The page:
Grade Level: 7-12
AZ State Standards Grades 9-12:
1AV-P3. Reflect on and articulate reasons for artistic decisions
PO 1. State reasons for making artistic decisions
PO 2. Evaluate the success or areas for improvement seen in the artwork
PO 3. Justify the evaluation of the artwork
2AV-P1. Analyze and interpret how elements of time and place influence the visual characteristics, content, purpose and message of works of art
PO 1. Determine the factors responsible for influencing works of art
PO 2. Analyze the ways in which a work of art expresses a point of view of the time and place in which it was created
2AV-P2. Describe the function and meaning of specific art objects within varied cultures, times and places
PO 1. Research a specific art object for its function and meaning within the culture chosen
PO 2. Compare and contrast the function or meaning of similar art images/objects of various cultures and times
PO 3. Compare images used today, from various times and cultures, for purposes and meanings other than originally intended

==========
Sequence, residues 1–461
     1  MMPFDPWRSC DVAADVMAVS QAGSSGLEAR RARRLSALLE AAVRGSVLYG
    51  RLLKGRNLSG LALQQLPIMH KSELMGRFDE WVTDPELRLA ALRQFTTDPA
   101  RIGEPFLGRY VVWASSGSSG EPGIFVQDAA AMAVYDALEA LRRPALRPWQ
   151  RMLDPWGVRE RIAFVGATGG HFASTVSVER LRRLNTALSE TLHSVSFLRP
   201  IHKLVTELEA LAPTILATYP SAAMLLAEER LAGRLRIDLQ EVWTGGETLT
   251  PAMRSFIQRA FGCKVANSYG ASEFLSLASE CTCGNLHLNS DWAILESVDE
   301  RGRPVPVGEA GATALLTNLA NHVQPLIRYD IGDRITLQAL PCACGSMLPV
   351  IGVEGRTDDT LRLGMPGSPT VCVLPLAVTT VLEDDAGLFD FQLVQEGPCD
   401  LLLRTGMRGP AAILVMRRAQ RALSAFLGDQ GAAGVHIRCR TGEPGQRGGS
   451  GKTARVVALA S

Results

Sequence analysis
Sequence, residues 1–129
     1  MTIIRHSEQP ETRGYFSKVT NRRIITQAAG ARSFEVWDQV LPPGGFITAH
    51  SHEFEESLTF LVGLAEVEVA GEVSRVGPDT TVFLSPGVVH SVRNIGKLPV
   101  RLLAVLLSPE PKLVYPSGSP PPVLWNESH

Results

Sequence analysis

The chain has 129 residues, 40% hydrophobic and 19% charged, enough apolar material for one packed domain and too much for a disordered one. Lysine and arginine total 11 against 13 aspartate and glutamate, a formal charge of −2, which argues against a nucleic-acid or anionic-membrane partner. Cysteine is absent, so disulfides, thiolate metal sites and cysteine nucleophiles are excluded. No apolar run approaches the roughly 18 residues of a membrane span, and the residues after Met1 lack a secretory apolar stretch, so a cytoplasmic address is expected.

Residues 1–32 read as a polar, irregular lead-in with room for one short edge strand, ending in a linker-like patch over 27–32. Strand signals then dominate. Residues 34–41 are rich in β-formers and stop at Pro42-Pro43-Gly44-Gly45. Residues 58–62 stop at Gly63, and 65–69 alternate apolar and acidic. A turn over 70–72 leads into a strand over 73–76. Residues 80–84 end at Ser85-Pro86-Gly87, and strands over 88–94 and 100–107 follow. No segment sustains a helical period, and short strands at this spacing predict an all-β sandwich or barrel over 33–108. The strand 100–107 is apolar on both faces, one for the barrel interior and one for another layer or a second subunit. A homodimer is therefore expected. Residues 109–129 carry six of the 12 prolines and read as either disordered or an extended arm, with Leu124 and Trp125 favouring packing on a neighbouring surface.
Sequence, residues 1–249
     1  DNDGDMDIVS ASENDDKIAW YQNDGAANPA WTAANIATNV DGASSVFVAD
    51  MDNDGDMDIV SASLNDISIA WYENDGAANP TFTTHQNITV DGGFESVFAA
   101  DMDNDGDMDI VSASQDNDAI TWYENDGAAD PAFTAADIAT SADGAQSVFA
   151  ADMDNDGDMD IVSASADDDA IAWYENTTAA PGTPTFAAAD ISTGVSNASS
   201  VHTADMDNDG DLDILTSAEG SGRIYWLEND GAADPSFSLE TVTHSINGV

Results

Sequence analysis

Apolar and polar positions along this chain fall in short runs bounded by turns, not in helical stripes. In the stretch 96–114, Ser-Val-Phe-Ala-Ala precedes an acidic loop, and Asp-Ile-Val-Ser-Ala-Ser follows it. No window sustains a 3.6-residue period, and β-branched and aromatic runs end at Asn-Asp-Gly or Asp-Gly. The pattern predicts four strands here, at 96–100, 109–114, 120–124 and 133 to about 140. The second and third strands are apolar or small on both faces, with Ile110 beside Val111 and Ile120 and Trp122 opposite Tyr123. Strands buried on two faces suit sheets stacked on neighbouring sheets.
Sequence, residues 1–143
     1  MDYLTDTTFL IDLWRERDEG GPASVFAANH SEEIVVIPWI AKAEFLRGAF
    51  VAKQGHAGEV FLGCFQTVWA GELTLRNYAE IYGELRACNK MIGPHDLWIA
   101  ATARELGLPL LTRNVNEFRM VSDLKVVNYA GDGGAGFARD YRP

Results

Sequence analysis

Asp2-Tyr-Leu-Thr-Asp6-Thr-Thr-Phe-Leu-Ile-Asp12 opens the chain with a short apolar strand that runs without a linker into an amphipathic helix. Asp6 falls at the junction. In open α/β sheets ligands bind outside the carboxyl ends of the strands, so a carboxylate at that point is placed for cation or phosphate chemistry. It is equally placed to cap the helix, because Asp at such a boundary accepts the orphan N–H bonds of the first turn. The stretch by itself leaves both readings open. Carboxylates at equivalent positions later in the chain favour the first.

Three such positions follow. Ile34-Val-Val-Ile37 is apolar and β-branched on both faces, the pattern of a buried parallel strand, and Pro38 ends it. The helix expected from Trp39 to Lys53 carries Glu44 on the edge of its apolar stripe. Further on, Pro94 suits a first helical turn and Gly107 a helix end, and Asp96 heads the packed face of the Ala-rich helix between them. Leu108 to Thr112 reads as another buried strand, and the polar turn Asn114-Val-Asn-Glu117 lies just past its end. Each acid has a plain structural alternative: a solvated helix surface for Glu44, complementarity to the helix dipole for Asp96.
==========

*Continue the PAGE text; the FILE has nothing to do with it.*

2AV-D1. Analyze the origins of specific images in the visual arts and explain their importance and influence
Website Summary: This website covers the presence of popular art in various aspects of the daily lives of Mexican American families: the home, the workshop, and the community. In a variety of exercises, students will reflect on such art, contextualize it in historical and artistic knowledge, and apply new concepts to their own lives.
Teachers will find much of the same curriculum useful from this website's companion website, Southern Arizona Folk Arts.
- Questions for starters
- What is popular art? An art history lesson on popular art would be appropriate here.
- What kinds of things are typically put in museums? Who makes it and who goes to see it?
- When does something become museum worthy? Think about pottery; a dinner plate vs. ceramic art vs. pre-Colombian pottery.
- What does it mean to place everyday Mexican American crafts/art, that are usually not seen as art, or their images into a museum?
- How does it validate the art and the artists?
- Are there dangers in placing popular art in a museum, as there might be in putting graffiti in a museum? Think about what it does to the original intent of the art.